A class action lawsuit claims that a “price-fixing cartel” of apartment managers has been colluding in a conspiracy to keep rents artificially high across the Denver metro.
Filed Dec. 14 in a Denver federal court, it is one of several class action lawsuits to stem from revelations that RealPage, a Texas-based software company, collects non-public data from apartment managers, feeds the data into an algorithm and generates a rental price for each apartment, which the managers then adopt in almost all cases.
“RealPage and the property managers who use its revenue management services constitute a price-fixing cartel, and the revenue growth they have achieved is possible only through coordinated price setting,” the Denver lawsuit states.
The plaintiff in the case is Jeffrey Weaver, a local man who has rented apartments in the area since 2017 and believes he has paid inflated rent prices due to the alleged scheme.
The defendants in the case are RealPage and 18 management companies, including the country’s three largest: Greystar, Lincoln Property Co., and Cushman & Wakefield. Together, the 18 companies rent 44,410 apartments in the metro area, the lawsuit states.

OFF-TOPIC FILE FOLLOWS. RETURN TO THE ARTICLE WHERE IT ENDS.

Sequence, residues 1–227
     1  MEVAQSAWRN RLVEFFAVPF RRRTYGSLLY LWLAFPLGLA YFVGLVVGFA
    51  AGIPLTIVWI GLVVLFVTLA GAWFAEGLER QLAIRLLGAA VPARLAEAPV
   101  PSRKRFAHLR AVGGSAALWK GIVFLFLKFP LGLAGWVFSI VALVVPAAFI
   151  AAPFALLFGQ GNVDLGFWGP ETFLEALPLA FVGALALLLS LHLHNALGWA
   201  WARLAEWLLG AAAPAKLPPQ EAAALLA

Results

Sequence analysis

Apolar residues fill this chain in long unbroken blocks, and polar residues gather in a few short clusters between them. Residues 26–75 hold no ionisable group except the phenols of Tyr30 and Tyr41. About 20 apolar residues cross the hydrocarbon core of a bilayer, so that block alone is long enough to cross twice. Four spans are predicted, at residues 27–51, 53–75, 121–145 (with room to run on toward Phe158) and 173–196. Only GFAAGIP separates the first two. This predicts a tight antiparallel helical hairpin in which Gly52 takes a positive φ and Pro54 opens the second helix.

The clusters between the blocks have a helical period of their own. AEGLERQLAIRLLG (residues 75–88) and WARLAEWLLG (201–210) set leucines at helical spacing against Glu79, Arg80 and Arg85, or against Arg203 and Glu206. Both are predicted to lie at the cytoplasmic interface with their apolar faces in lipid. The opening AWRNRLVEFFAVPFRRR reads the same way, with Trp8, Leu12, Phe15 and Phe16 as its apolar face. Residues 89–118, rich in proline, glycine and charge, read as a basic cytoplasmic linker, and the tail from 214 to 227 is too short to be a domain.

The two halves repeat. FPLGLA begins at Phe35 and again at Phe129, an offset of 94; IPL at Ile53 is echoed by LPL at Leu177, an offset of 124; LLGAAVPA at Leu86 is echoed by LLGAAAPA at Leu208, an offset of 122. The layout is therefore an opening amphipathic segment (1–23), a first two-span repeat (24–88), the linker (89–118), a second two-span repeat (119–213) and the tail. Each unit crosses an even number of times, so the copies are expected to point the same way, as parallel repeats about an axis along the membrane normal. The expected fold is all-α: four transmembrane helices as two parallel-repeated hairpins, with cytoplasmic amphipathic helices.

“RealPage strongly denies the allegations and will vigorously defend against the lawsuit,” a company spokesperson said. “Beyond that, we do not comment on pending litigation.”
Spokespeople and lawyers for the 18 management companies either declined to comment or did not respond to requests for comment Friday and Monday.
In October, ProPublica published a lengthy investigation that found RealPage executives have boasted that their software raises rents across the country, in part by removing empathy from the decision to do so, since the decision is made by an algorithm.
Class action lawyers responded to the article by filing an array of lawsuits on behalf of renters. To date, the company has been sued in at least six states, court records show.
In his 39-page lawsuit, Weaver alleges that before RealPage, Denver apartment managers competed against each other, lowering rents at times to keep occupancy rates high.
But in recent years, as the area’s largest managers have contracted with RealPage, they have intentionally left apartments vacant, decreasing supply to increase prices, according to the lawsuit. RealPage’s algorithm also staggers lease renewal dates to ensure there isn’t a large supply of available apartments at any given time, the lawsuit claims.
“Defendants’ conspiracy … allows property managers to hike rents at a faster pace when demand is strong without needing to lower them when it is weak,” Weaver alleged. “It … causes renters to spend higher and higher portions of their incomes on housing.”